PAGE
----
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PIB Summary for UPSC


1. Hydroelectric power projects with aggregate capacity of 15 GW under construction

Topic: GS3 – Indian Economy – Infrastructure – Energy

The topic is crucial for UPSC as it covers India’s energy transition, climate commitments, and hydroelectric development challenges and progress.


●  The news discusses India’s plans to increase hydroelectric capacity by over 50% by 2031-32, amidst favorable monsoon predictions and efforts towards renewable energy transition.

 Additional information on this news:

  • Hydro Capacity Growth: Hydro capacity in India is projected to increase from 42 GW presently to 67 GW by 2031-32, indicating a growth of over 50%.
  • Monsoon Prediction: The Indian Meteorological Department forecasts a good monsoon for FY 2024-25, which is expected to improve water reservoir levels, crucial for hydroelectric power generation.
  • Under Construction Projects: Currently, hydroelectric power projects with a combined capacity of 15 GW are under construction in India, with plans to increase capacity to 67 GW by 2031-32.
  • Pumped Storage Projects (PSPs): PSPs are being developed to provide grid stability and balancing power. Projects with 2.7 GW capacity are under construction, with projections to increase to around 55 GW by 2031-32.
  • Impact of 2023-24: The decrease in hydro power generation in 2023-24 was not solely due to low rainfall. Natural disasters, like flash floods in Himachal Pradesh and the Eastern region, significantly affected power generation.
  • Reservoir Replenishment: Despite reduced water levels in reservoirs due to light rainfall, optimism exists for their replenishment, especially with the IMD’s prediction of a good monsoon in FY 2024-25.
  • Contribution to Power System: Hydroelectric power plays a crucial role in providing peaking support to the grid, enhancing reliability and resilience, especially amidst the ongoing energy transition towards solar and wind power.
  • Challenges and Targets: Challenges like natural calamities and geological surprises have slowed down hydro power development. However, India aims to accelerate progress in line with ambitious targets set in the Nationally Determined Contributions under the COP Paris agreement.
  • Renewable Energy Growth: India has significantly increased its renewable energy capacity, achieving over 40% of installed power capacity from non-fossil fuels by 2021. It aims to surpass the committed capacity of 50% from non-fossil sources by 2030, with steady growth rates observed in renewable energy generation and installed capacity, particularly in solar power.
  • Sustainability Commitments: India’s commitments under the Nationally Determined Contributions include reducing emissions intensity of GDP by 45% by 2030 and achieving around 50% cumulative electric power installed capacity from non-fossil-fuel-based energy resources by 2030. These commitments align with the nation’s efforts to combat climate change and promote sustainable development.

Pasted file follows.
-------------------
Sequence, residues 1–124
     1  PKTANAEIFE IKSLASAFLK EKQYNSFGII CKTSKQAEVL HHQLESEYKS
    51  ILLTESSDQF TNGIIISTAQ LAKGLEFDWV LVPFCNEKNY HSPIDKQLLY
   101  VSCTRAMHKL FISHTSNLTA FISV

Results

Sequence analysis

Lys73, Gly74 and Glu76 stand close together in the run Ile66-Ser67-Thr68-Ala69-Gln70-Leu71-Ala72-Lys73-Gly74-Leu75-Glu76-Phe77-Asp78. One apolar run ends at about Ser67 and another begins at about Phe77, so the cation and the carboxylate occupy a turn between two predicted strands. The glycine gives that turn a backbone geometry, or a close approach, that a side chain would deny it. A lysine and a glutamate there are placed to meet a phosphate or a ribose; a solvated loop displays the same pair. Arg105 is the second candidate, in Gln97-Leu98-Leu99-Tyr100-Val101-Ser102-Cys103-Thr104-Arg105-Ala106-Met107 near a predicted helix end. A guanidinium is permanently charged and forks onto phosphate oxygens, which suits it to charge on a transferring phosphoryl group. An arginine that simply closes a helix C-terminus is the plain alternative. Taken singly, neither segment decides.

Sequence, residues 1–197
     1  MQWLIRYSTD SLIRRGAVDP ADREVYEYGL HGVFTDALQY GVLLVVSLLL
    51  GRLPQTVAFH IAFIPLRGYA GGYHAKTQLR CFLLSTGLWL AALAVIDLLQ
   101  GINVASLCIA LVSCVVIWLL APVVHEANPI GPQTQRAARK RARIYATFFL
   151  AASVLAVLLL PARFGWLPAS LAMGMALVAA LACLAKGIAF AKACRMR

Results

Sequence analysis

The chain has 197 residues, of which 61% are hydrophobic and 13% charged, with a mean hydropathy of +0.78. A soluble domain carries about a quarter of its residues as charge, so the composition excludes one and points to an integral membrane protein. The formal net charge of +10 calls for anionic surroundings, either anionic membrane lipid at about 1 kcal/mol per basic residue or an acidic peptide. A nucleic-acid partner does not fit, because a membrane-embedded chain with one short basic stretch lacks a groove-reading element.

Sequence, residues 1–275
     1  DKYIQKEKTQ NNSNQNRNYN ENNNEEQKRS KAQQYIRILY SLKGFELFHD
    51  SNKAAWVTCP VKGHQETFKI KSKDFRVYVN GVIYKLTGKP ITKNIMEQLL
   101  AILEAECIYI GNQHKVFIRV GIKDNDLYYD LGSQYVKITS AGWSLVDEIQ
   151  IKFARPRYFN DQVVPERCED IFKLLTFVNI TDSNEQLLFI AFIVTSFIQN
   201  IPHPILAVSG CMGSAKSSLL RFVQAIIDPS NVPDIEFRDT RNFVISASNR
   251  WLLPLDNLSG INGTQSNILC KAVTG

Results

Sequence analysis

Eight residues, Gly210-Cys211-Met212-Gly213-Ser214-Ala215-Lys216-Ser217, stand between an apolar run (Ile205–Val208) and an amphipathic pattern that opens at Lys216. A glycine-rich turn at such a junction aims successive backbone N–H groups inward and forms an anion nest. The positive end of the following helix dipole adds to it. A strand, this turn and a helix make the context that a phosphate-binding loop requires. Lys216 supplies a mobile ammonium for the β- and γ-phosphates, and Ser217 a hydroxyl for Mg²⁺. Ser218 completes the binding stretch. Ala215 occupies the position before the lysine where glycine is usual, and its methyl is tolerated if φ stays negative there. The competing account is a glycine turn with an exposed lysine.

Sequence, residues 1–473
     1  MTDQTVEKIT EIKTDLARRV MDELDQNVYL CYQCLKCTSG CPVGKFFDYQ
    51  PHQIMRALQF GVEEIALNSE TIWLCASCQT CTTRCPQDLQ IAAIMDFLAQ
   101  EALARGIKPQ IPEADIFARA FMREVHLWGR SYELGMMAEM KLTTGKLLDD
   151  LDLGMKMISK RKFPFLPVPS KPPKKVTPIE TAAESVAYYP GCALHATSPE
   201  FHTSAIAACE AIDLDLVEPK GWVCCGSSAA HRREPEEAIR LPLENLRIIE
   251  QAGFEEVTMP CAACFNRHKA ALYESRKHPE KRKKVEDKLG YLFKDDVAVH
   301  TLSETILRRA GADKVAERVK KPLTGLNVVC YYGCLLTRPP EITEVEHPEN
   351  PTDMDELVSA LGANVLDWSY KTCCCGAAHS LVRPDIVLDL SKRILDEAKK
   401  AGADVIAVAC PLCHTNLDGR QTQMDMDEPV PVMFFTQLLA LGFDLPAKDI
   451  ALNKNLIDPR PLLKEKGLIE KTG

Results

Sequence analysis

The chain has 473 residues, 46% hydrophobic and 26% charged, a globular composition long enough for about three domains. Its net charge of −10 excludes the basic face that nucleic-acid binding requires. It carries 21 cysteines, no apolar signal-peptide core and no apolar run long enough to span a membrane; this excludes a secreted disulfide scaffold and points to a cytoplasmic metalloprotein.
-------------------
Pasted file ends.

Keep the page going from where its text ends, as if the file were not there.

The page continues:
Hydroelectric Power Projects:

Hydroelectric potential in India:

● Abundant Water Resources: India possesses significant hydroelectric potential due to its extensive network of rivers and rainfall patterns.

● Varied Terrain: Diverse geographical features including mountain ranges, plains, and plateaus offer ideal locations for hydroelectric projects.

●  High Energy Output: Hydroelectricity contributes a substantial portion of India’s electricity generation, providing a reliable and renewable energy source.

Government Initiatives: Various government policies promote the development of hydroelectric projects to meet growing energy demands and reduce reliance on fossil fuels.


Renewable Energy Source: Hydroelectric power is generated from flowing water, a renewable resource, reducing reliance on fossil fuels.

Low Greenhouse Gas Emissions: Hydroelectricity produces minimal greenhouse gas emissions, contributing to climate change mitigation.

●  Reliable Power Supply: Hydroelectric plants offer consistent power generation, unaffected by weather variability, ensuring grid stability.

●  Water Management: Reservoirs created by hydroelectric dams facilitate water storage for irrigation, flood control, and drinking water supply.

Job Creation: Construction and operation of hydroelectric projects create employment opportunities, supporting local economies.


● Environmental Impact: Hydroelectric dams disrupt river ecosystems, leading to habitat loss, altered water flow, and impacts on aquatic life.

●  Displacement of Communities: Large-scale dam projects often necessitate the relocation of communities, causing social upheaval and loss of livelihoods.

● Silt Accumulation: Reservoirs behind dams accumulate silt over time, reducing storage capacity and affecting downstream ecosystems.

●  Risk of Dam Failure: Dam failures pose catastrophic risks, potentially causing flooding, loss of life, and property damage.

● High Capital Costs: Initial construction costs for hydroelectric projects are significant, requiring substantial investments.


PYQ: What do you understand by run of the river hydroelectricity project? How is it different from any other hydroelectricity project? (100 words/5m) (UPSC CSE (M) GS-3 2013)
Practice Question:  Discuss India’s strategy to enhance hydroelectric capacity amidst climate commitments and challenges, emphasizing its significance in sustainable energy transition. (150 Words /10 marks)


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